Yesterday was one of those days.
We woke up to a chilly house. The winds roaring like a freight train overnight knocked the power out. Happily, though, we are in Pennsylvania and the lights (and the furnace) were back on at 9:00 A.M.
When our seven-month-old-but-monstrously-huge Taigan puppy came back from his first morning outing, he had something sticking out of his nose. Short little spikes? Some kind of burrs? Karen brought me some needle-nose pliers and held him, and I reached out and extracted three in one swipe. The puppy yipped.
On close examination, the little spikes proved to be tiny porcupine quills. It seemed strange that he had only three, right in the nose, and they were all short and about an inch long. Did he meet a baby porcupine? we wondered. Or did he just reach out and sniff one’s head?
But it was not to be quite so simple. A bit later, I saw in his profile view one more quill, bent against his nose.
Efforts to restrain this 75-pound seven-month Central Asian puppy failed. We could not hold him and keep his head still. He had to go to the Vet and be sedated, for one tiny quill.
Well, this morning the dogs were barking about something, when I got up. I looked out the back door and there was a full-sized adult porcupine sitting high in a tree about 50 yards or so from the back door.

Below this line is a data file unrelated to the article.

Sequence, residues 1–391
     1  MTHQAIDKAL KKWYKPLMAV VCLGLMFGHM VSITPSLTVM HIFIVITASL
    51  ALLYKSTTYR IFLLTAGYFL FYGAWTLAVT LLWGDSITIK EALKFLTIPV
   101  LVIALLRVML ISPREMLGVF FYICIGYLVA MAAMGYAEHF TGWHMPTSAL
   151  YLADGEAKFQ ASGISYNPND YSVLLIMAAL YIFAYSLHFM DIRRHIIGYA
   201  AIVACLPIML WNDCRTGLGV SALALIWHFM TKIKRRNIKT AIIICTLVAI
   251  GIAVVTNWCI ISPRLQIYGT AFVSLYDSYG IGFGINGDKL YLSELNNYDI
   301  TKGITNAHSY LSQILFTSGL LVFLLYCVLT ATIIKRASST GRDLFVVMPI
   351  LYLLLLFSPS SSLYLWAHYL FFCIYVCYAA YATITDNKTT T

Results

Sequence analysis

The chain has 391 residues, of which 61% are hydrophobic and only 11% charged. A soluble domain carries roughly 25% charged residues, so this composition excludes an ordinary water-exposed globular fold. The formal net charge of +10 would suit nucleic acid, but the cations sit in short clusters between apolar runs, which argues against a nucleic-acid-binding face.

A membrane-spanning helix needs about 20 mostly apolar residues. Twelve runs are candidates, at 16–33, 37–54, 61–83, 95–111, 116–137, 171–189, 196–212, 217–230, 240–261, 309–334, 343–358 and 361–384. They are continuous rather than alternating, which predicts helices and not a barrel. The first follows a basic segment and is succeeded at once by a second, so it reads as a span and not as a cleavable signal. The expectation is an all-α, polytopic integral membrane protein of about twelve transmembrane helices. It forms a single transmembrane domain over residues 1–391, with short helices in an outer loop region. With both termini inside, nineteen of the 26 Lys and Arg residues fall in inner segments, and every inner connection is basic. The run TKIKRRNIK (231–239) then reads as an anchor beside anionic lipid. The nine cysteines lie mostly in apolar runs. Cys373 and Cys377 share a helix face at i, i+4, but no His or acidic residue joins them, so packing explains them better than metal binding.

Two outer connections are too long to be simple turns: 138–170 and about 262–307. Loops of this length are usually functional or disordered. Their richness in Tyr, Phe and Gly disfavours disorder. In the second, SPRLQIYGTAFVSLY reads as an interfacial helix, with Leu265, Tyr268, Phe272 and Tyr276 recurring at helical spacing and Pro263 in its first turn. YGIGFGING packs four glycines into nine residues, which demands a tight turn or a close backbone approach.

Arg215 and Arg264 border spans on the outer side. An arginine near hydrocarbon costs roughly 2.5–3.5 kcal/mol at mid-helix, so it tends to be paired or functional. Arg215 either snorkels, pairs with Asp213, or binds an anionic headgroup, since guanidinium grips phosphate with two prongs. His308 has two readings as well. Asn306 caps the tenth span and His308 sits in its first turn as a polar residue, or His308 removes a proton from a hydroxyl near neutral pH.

I had Karen bring me a Winchester Model 1892 .25-20 Saddle-Ring Carbine (made in 1915) that I acquired in a recent auction and a box of cartridges. The trick would be figuring out where exactly you had to hold.
I fired a shot, which I thought went high. My second shot, held lower, seemed possibly to have struck. The porcupine seemed perturbed. Karen wanted to try her hand. She took aim and definitely hit him. The porcupine began trying to descend. I tried another shot, aiming distinctly below the varmint’s body, and that one really had an impact. The porcupine was hard hit and its paw was shaking in distress. I fired one more time and this last one knocked him right out of the tree.
The .25-20 is clearly an anemic round, not a lot more powerful than a .22 Long Rifle, but it is a good round for this kind of thing. It makes little noise and it took the porcupine a long time to figure out he was being shot at. Long enough for Karen and me to figure out the sights on an unfamiliar new gun.
So perish all our enemies!
(Porcupines are kind of cute but the injuries they can inflict on a dog are horrific. That last one quill yesterday also cost a hundred fifty bucks for veterinary services.)